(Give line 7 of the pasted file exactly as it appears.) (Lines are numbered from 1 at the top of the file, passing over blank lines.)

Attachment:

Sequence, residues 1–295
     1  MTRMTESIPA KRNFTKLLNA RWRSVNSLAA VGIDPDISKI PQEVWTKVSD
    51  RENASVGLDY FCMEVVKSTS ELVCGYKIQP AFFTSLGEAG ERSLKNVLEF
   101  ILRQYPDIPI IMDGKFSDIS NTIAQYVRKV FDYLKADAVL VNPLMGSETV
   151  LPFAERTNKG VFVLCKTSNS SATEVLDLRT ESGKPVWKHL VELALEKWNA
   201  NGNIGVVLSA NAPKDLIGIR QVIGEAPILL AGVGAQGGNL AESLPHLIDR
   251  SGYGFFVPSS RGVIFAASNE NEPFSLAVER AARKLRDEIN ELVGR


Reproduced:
   251  SGYGFFVPSS RGVIFAASNE NEPFSLAVER AARKLRDEIN ELVGR